The Pride of the Red Devils

By: Martha Foltz

As the season progresses, the All Brass continues to march with precision and excellence. Their knees are high and their horns are higher. The tradition started almost 50 years, 2019 marking the half century, and the band’s alumni was interviewed to find out what made up the Pride of the Red Devils.   

 Lou Ann Hartman, a 1976 Arlington graduate, marched a trumpet under the direction of Mr. Ron Cable. She also played flute for concert band.

 Foltz: Favorite band memory?

     Hartman:  I have 2 band memories that really were special:

      1.  We went to Washington D.C. in 1974 and marched down Pennsylvania Ave. (in the pouring rain) in the Apple Blossom Festival Parade. We took an Amtrak Train to get there.  Great  fun!!

2.  We were seniors and Ron Cable took us to his parents home in Pennsylvania for the weekend. We stayed in their home and were treated to a terrific weekend of sightseeing and kind hospitality!

           Foltz: What made band great to you?

     Hartman: What made the band great for me was the people- the true friendships and fun that we had to together. I would say this is probably still very true today.


    Emily Borkosky, a 2008 graduate that currently teaches at Arlington, marched a trombone under the direction of Mr. David Sorensen. She also played flute for concert band.

 Foltz: Favorite band memory?

    Borkosky:  I enjoyed halftime shows. Traveling to DC was fun. I enjoyed the trips, also.

Foltz: What made band great to you?

    Borkosky: I liked being a part of a group that sounded better together than apart. Just In general, it was fun.


Abigail Edmiston, a 2013 graduate, marched a mellophone under the direction of Mr. David Sorenson.

 Foltz: Favorite band memory?

    Edmiston: Senior year and being a co-squad leader with Sydney (Rettig).

Foltz: What made band great to you?

    Edmiston: My friends. And being able to play fun music.


Zachary Durliat, a 2016 Arlington graduate, marched a trombone under the direction of Mr. David Sorensen.

           Foltz: Favorite band memory?

        Durliat: My favorite band memory was always all the pre-pregame and pre-halftime good luck handshakes, dances, and group prayers that always happened no matter how pressed we were on time. It was a wonderful time where everyone got close to one another and gave each other positive encouragement prior to the routines. They helped get everyone in the right mindset yet relaxed at the same time. It was always a reminder that we were all in this together through the rain, the shine, the sleet, the snow, the high winds, and the zero and 90 degree weather. No matter what happened, we had each others and weren’t going to let each other fall…unless it was really that muddy then there might have been a couple gradual slips.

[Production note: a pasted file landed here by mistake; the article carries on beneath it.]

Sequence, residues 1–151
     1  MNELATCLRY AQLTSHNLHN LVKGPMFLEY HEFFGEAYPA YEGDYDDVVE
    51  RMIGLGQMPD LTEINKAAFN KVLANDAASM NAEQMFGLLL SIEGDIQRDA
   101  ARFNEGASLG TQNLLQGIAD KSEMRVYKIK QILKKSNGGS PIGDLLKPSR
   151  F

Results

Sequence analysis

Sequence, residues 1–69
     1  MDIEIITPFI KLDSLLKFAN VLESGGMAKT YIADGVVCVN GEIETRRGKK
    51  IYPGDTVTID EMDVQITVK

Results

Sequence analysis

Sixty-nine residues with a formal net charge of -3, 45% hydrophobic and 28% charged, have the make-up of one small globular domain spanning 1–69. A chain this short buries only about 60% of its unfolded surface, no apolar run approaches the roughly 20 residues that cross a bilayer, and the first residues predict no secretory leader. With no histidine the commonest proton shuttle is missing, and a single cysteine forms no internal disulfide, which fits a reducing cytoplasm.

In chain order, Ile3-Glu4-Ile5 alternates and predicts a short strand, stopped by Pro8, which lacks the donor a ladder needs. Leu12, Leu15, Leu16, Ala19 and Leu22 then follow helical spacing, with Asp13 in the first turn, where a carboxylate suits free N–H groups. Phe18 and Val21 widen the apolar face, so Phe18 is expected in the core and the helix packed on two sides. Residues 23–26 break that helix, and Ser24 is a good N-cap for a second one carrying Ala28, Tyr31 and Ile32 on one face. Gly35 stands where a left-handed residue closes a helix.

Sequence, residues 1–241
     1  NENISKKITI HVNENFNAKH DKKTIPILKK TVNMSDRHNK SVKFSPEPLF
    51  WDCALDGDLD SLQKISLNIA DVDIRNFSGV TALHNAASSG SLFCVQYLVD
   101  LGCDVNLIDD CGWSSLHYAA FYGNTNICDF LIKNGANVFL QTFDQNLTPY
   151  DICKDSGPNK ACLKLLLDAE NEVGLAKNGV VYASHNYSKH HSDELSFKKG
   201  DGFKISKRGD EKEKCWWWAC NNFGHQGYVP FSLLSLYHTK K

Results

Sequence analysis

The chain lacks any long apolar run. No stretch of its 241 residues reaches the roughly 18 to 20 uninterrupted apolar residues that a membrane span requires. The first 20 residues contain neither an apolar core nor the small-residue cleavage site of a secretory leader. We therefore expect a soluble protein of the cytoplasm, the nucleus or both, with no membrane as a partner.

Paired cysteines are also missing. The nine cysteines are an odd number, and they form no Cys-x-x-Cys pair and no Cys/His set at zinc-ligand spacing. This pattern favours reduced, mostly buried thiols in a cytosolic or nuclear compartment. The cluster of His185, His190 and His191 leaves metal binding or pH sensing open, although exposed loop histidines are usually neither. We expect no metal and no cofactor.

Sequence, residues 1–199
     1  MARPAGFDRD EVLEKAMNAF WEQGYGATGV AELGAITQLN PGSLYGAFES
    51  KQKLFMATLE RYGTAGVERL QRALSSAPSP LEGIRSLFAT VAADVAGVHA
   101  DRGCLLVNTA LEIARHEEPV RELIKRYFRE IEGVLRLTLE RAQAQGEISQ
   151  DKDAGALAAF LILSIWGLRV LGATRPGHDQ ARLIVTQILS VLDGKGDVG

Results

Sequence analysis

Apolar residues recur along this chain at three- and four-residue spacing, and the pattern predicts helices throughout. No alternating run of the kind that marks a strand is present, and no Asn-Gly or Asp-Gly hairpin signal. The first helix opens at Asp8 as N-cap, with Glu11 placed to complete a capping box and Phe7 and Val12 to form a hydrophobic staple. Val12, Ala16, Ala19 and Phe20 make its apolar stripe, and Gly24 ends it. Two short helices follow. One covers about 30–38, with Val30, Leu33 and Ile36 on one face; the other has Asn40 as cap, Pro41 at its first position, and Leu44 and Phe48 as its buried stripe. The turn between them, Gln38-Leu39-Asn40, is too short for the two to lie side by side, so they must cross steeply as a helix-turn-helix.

Foltz: What made band great to you?

         Durliat: Band created a stress-free environment that was filled with people who were ready to solve problems and give their all to the situations at hand. We often had a great time while sharing several laughs and creating an abundance of memories. We were serious when it came to crunch time, but that’s what made us the ultimate brass factory. (See what I did there with the titles of the songs we played lol ) None of this would have been possible without each and every person that was in the band and helped the band get to wherever we needed to be with all the proper attire and equipment. It was all of these people in this environment that made Band so great to me!


While band is not for everyone, the legacy left by the All Brass has a lasting impact on those viewing and involved.

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